## Agilent Technologies Interview Question for Software Engineer / Developers

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Binary search tree has a complexity of log n because the height of the tree with n elements will be log n.
But you should ask the interviewer whether he needs the complexity of best case or worst case because for worst case binary search tree takes O(n).

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Sorry, worst case binary search is O(log n), not O(n).
Binary search (not to be confused with binary search tree) takes an array of sorted elements, and return the element or an array index of when the element is found (null or -1 if not found).

A binary search starts in the middle of the array, and asks whether the item to find is larger or smaller than the item in the middle of the array.
If smaller, the search will know that the result is to be found in the lower half of the array, if larger, the upper half. This determines a new search range in terms of which array positions we should search: If the item we want to find is smaller than the element in the middle of the array, we know that there is no point in ever considering the elements at a position above the middle. So we repeat the search with the new smaller range (half of the original range) and terminate when the item is found or when there is no more range to search. More details can be found in a heap of CS textbooks or online.
From this description, one can see that a binary search is never going to be O(n), since it will never consider more than half of the values in the array range it currently deals with. (A binary search tree may take O(n) for a worst-case sarch, as the depth of the tree may be O(n), which happens if the keys are inserted in already-sorted order. That is a different matter, and has no relevance to the (array) binary search algorithm.)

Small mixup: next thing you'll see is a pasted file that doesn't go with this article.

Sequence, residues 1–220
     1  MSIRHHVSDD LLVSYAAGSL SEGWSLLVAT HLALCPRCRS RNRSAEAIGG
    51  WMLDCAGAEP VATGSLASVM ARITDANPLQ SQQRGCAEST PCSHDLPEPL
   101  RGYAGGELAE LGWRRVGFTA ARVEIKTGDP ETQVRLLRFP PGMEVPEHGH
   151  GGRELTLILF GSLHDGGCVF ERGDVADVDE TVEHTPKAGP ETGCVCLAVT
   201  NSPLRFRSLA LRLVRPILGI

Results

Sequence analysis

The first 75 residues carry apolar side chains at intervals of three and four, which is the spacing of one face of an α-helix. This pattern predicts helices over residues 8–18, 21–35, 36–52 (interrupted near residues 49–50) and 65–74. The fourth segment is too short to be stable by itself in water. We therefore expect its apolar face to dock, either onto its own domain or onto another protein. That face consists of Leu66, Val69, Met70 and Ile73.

This type of question is very basic, and can be translated into "do you have a CS degree? Did you sleep during the lessons?".

Durimg 7 years of programming employment, I've never had cause to implement a binary search. For that matter, I have hardly had use for more than 10% of the stuff I learned durimg my CS master degree.

Interview questions in general are best approaced as school exams: Nobody seriously believes that anyone in 'real life' will complain if you don't know who killed the leader of the French revolution, but it may still be necessary to know in order to get your history exam.
Likewise, nobody expects that you will implement a binary search yourself: It is very basic stuff, and most languages have libraries to do it. But as for school exams, it may (apprently) be required to know binary search to get the job.

As for most other questions during an interview, the questions do not describe what you are going to work with. The interviewers have a few hours to find out whether what you know is appropriate for what they are looking for. The 'real' answer cannot be found in a few hours, so interviewers stage it as an exam: If you do not know A (which we actually don't care about, but it's simple and quick to ask and reply), you probably do not know B, C or D either (which we do care about, but which are too time consuming to judge in an interview.)

If you think you already know B, C and D, your best bet would probably be to show them an application you created that proves it. (Give them links or executables. They will probably ask for details to verify that you actually did create it, or at least that you would have been able to. Just to check for the case where you bring MS Word and claim that you wrote it all by yourself in a weekend :)

Otherwise, if you have problems with this kind of questions, I recommend getting hold of a few textbooks for basic CS courses, and read up on standard CS problems.

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